When Goltzius took up painting almost exclusively around 1600, he asserted a similar control over his brush. Goltzius’ control is evident in the fine wisps of Adam’s eyebrows and individual strands of Adam’s hair that contrast with the looser and wilder curls receding into the shadows of the tree. Goltzius experimented with transferring the effects of the gold washes from his earlier drawings into the heavier oil paints he used to render Adam and Eve. The highlights in Adam’s hair show that Goltzius was concerned with locating a source of light. In these lighter hues and tonal contrasts, Goltzius exposes the texture and form of the brushstroke and how successful he was at rendering a fleshy three-dimensional figure.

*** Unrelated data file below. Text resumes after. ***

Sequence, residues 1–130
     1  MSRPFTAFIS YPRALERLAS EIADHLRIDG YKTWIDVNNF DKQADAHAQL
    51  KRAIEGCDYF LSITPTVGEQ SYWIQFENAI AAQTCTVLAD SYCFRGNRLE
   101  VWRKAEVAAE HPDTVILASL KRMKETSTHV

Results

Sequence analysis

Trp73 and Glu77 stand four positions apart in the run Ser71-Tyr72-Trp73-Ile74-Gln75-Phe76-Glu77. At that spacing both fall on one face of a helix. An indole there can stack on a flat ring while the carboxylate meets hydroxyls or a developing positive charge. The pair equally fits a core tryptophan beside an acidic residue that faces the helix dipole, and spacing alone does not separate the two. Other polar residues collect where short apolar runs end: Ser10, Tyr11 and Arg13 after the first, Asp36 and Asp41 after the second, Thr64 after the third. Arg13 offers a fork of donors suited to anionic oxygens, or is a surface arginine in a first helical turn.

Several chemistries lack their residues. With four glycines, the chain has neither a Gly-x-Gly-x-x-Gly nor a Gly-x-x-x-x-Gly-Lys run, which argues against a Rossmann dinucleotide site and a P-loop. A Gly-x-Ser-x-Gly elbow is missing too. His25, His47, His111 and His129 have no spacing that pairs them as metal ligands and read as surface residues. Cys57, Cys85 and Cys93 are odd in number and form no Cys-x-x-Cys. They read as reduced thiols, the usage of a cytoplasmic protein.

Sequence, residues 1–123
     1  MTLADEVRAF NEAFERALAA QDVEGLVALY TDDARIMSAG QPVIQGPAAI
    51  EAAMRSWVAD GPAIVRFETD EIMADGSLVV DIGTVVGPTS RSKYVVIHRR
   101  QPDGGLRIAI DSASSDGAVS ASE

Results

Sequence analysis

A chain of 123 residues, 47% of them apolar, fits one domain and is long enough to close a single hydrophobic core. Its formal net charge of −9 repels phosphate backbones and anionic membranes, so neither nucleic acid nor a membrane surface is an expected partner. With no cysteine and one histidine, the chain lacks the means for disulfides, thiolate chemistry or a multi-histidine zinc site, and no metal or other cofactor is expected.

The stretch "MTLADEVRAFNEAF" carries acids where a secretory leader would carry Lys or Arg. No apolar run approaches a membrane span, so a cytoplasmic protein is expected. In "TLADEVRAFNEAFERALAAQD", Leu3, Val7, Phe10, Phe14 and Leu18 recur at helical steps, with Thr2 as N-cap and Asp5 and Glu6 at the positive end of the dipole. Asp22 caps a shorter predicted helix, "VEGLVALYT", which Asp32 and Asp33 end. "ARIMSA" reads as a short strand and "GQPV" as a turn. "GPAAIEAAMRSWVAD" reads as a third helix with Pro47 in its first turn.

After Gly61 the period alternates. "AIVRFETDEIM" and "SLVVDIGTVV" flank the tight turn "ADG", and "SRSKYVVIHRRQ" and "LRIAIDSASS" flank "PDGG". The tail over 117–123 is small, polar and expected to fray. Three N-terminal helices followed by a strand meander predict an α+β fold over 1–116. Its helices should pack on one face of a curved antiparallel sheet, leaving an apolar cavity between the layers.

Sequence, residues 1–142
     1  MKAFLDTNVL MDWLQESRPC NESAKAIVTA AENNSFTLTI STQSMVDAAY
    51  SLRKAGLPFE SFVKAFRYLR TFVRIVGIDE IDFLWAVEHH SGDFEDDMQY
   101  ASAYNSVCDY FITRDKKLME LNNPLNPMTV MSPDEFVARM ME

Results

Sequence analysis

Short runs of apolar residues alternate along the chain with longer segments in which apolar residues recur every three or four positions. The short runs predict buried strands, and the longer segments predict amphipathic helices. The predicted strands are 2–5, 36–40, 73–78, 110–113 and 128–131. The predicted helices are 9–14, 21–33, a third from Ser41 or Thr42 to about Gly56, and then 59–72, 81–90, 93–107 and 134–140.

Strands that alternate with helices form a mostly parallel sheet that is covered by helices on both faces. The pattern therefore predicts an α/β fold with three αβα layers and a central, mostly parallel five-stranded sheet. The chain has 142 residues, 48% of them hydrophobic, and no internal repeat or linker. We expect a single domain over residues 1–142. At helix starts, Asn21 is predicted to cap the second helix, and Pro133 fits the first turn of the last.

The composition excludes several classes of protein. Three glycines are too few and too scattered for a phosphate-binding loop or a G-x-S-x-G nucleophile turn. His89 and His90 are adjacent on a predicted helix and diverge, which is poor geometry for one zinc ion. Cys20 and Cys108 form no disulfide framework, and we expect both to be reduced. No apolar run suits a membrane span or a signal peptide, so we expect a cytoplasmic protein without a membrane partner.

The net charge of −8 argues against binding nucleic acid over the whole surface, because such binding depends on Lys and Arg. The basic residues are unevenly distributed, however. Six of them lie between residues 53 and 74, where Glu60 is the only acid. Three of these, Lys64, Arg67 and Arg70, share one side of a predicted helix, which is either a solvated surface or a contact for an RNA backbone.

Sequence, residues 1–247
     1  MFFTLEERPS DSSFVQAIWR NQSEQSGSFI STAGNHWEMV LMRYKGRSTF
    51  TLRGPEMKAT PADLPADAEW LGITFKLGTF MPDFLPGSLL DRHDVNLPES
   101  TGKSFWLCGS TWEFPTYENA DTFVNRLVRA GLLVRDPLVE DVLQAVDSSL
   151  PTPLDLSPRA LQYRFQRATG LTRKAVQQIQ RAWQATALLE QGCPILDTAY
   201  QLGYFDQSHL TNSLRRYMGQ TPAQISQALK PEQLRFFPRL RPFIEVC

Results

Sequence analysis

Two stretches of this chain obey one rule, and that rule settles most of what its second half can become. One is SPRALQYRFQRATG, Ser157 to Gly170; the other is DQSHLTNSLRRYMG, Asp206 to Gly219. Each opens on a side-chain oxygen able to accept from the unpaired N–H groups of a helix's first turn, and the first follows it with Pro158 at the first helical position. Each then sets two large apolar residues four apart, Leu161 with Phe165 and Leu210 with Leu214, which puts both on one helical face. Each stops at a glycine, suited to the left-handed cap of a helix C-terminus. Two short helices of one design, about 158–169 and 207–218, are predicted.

Given that Goltzius suffered a childhood accident that left him with a disfigured hand, his lively and meticulous work is impressive. The prominently rendered hand became Goltzius’ artistic signature and the expression of an abiding attachment to his calling as an artist. In the painting of Adam in Hartford and Eve in Strasbourg, Goltzius placed each figure’s hand within the frame to show signs of their biblical identities, but the fingers of each hand are deliberately spaced. Goltzius seems to have modeled the hands of Adam and Eve after his own, which he often held out before him to study, adapting his fused and painfully twisted fingers into more perfect versions.
In doing so, Goltzius seems to have embodied van Mander’s belief that artists should not merely imitate the forms they saw in nature, but they should perfect nature. Goltzius’ reimagined hands in the portraits of Adam and Eve suggest that the artist absorbed his biographer’s ideas into his work.